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Wednesday, January 31 • 11:20am - 11:40am
FISH PHYSIOLOGY & BEHAVIOR: Evaluating the Effects of Sampling Rate on Growth of Freshwater Mussels in Aquaria

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AUTHORS. Lindsay Ohlman, Dr. Mark Pegg, Dr. Jamilynn Poletto - University of Nebraska - Lincoln

ABSTRACT. Freshwater mussels (Family: Unionidae) are a highly imperiled faunal group in North America, and conservation of these aquatic invertebrates is becoming more frequent.  Recovery plans require substantial monitoring to document success or failure of management actions, but the effects of repeated handling during surveys are unknown.  Many mussel species burrow into substrate for stability in flowing water and in response to changing environmental conditions.  Unfortunately, this behavior does not allow for ease of study by researchers because the organism must be extracted from its habitat to collect biological data. A cessation or decrease in shell deposition is common in poikilothermic animals during periods of cold weather, but it is also a prevalent response to disturbances. Disturbance could be defined as removing the buried mussel from the substrate for the purpose of data collection, and return of the mussel to the substrate surface. This is cause for concern because routine monitoring may inadvertently alter growth.  This study quantifies the effects of different disturbance rates on the growth of Plain Pocketbook (Lampsilis cardium) mussels during a 12-week laboratory experiment.  Sixty propagated mussels were randomly allocated into control (no sampling during experiment) or one of three treatment groups that were: 1) sampled every other week, 2) sampled once per week, and 3) sampled twice per week. Results from this study will aid our understanding of the effects of disturbances, such as handling, on mussel growth and may influence monitoring regimes of future conservation efforts.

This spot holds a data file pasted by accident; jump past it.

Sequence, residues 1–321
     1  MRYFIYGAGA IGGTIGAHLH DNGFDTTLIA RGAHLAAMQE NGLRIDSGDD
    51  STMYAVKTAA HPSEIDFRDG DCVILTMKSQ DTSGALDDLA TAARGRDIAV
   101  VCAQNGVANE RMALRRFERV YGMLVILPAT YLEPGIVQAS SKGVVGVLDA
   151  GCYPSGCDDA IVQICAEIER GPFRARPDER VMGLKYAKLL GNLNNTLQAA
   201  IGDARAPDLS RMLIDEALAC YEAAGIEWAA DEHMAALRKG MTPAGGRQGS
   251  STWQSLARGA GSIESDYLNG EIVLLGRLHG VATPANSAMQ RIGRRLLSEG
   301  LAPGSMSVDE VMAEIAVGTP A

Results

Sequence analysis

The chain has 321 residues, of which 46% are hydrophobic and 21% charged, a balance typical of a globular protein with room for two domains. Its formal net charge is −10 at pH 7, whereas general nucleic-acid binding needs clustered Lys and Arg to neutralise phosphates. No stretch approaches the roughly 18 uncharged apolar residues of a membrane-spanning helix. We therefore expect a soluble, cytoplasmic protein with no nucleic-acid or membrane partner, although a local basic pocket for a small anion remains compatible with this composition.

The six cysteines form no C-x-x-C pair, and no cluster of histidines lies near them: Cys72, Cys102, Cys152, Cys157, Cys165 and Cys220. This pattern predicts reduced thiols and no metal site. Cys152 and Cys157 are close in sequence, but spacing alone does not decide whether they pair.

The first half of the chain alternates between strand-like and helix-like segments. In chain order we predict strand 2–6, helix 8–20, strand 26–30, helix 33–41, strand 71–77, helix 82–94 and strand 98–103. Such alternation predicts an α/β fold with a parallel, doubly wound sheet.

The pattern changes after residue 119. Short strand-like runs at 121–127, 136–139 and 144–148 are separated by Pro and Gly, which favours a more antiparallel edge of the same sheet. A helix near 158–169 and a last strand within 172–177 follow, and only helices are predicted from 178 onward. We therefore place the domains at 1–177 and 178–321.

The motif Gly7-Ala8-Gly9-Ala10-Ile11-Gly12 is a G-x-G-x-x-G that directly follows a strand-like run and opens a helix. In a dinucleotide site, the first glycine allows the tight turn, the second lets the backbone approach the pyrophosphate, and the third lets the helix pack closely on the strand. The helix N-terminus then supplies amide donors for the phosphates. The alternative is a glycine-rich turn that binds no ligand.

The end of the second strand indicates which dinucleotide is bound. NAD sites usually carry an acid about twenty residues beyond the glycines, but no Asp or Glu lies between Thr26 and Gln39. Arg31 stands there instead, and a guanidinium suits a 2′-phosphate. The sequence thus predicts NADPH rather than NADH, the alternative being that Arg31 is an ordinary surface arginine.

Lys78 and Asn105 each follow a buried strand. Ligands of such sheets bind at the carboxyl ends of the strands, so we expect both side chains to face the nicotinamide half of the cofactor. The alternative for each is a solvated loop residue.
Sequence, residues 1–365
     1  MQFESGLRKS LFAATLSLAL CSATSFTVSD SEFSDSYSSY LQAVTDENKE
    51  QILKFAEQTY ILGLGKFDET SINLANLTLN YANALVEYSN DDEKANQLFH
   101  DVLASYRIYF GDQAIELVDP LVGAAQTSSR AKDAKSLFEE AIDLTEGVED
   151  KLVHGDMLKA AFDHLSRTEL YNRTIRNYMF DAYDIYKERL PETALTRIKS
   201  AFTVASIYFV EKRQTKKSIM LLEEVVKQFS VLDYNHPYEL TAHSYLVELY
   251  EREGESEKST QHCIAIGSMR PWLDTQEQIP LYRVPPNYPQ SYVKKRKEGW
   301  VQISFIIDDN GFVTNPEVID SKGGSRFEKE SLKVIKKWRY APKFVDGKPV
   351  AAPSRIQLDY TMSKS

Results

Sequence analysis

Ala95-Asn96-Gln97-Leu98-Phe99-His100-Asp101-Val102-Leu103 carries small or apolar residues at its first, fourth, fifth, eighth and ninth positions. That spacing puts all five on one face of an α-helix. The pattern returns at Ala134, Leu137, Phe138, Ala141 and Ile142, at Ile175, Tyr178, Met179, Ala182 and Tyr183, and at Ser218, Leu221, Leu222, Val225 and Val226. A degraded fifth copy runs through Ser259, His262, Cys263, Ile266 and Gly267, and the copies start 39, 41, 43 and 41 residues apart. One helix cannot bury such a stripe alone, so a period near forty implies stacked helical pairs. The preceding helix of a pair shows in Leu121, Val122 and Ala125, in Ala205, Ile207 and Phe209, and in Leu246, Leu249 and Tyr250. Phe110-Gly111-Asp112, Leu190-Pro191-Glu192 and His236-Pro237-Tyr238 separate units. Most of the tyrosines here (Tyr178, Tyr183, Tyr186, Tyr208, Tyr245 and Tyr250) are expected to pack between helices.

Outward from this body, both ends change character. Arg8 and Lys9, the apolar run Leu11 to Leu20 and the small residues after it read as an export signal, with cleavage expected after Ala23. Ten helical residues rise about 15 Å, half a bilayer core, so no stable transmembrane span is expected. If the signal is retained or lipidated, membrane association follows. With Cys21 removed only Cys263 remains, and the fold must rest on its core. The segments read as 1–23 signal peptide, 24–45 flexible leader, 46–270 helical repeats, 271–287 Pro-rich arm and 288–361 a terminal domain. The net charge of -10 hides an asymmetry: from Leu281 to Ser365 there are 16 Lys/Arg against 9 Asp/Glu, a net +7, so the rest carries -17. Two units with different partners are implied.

Wednesday January 31, 2018 11:20am - 11:40am CST
103B